Pre-diabetes was highly prevalent among adolescents. Hyperinsulinemia was independently associated with pre-diabetes and may account for the association of overweight and clustering of cardiometabolic risk factors with pre-diabetes. Full Citation: Li C, Ford ES, Zhao G, Mokdad AH. Prevalence of pre-diabetes and its association with clustering of cardiometabolic risk factors and hyperinsulinemia among U.S. adolescents: National Health and Nutrition Examination Survey 2005-2006. Diabetes Care. Feb 2009;32(2):342-347.
2009 Diabetes Research Link
Sweetened Beverage Consumption and Risk of Coronary Heart Disease in Women
"Regular consumption of SSBs is associated with a higher risk of CHD in women, even after other unhealthful lifestyle or dietary factors are accounted for." Full Citation: Fung TT, Malik V, Rexrode KM, et al. Sweetened beverage consumption and risk of coronary heart disease in women. Am J Clin Nutr. 2009; 89(4): 1037-1042.
2009 Sugary drinks Research Link
Obesity and Sugar-Sweetened Beverages in African-American Preschool Children: A Longitunal Study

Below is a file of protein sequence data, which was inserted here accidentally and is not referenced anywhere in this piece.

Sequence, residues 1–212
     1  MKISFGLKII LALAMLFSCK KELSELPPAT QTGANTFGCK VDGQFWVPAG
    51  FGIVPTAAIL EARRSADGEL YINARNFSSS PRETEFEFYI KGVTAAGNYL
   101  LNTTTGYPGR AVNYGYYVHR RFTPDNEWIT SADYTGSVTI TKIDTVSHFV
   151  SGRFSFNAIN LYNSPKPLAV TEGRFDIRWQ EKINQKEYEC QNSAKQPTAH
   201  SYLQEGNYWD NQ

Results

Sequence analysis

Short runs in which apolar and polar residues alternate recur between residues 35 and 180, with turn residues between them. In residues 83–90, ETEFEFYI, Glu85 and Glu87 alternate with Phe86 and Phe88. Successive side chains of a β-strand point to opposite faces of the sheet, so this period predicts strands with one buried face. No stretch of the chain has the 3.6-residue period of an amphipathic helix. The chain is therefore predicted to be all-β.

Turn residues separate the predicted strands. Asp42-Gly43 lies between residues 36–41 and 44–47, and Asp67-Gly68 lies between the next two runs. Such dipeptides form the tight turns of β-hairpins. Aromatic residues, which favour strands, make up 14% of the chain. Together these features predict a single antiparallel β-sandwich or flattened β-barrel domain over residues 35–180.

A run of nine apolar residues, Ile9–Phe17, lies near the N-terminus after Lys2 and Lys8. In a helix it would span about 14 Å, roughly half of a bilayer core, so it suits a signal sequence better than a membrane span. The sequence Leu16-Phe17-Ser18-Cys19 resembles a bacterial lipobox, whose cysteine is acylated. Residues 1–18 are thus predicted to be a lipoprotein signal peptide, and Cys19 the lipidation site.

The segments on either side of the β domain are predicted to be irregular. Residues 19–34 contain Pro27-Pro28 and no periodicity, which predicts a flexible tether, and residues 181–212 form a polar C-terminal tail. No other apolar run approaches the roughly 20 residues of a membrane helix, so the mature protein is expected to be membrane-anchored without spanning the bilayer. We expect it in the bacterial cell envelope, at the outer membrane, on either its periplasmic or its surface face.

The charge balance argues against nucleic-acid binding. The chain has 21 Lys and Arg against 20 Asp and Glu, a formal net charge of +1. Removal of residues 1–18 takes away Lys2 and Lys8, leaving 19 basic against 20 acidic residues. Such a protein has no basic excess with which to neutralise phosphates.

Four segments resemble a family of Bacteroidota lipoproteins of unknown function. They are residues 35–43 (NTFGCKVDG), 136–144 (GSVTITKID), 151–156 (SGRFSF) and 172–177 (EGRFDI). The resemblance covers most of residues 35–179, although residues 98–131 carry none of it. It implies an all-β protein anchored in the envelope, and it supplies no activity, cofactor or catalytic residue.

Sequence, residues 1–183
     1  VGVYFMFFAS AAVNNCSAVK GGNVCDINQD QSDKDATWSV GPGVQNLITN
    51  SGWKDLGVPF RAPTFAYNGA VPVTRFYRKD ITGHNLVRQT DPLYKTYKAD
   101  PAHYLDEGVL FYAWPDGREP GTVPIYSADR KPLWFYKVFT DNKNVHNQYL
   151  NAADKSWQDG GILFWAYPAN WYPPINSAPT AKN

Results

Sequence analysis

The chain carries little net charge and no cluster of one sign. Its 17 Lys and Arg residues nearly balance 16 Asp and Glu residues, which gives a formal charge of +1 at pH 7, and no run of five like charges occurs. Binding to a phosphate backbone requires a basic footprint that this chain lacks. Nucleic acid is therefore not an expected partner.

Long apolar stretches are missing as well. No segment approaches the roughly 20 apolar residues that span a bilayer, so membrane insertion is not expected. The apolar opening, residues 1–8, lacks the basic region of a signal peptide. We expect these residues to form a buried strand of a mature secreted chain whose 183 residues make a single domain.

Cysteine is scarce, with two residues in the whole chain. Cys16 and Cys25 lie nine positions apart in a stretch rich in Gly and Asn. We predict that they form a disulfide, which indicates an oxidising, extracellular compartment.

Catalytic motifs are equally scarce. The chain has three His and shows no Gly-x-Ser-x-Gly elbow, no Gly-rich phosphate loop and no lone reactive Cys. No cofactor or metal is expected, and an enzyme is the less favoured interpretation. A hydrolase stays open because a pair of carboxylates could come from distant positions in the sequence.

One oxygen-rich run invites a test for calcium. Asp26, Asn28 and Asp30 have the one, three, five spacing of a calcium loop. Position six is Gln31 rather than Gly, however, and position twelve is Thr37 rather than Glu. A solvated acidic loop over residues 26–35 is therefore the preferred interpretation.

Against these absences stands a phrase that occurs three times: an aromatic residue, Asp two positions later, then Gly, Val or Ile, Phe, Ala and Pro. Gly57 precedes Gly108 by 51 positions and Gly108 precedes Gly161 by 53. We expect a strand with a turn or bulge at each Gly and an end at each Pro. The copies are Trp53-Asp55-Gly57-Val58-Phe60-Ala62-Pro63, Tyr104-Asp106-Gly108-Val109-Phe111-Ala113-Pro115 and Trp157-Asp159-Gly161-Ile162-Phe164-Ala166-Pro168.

"In this longitudinal cohort of low-income African-American preschool children, we found that baseline consumption of soda and all sugar-sweetened beverages was positively associated with BMI z-scores" Full Citation: Lim S, Zoellner JM, Lee JM, et al. Obesity and sugar-sweetened beverages in African-American preschool children: a longitudinal study. Obesity. 2009; 17(6): 1262-1268.
2009 Obesity Research Link
Diabetes of the Liver: The Link Between Nonalcoholic Fatty Liver Disease and HFCS-55
"We argue that high-fructose corn syrup (HFCS-55) causes increased hepatic triglyceride content and markers of insulin resistance in vitro (test tube environment) and in vivo (living organism environment). Our observations provide evidence for a mechanism by which HFCS-55 may cause hepatic lipogenesis and metabolic dysregulation similar to NAFLD." Full Citation: Collison KS, Saleh SM, Bakheet RH, et al. Diabetes of the liver: The link between nonalcoholic fatty liver disease and HFCS-55. Obesity. 2009; 17: 2003-2013.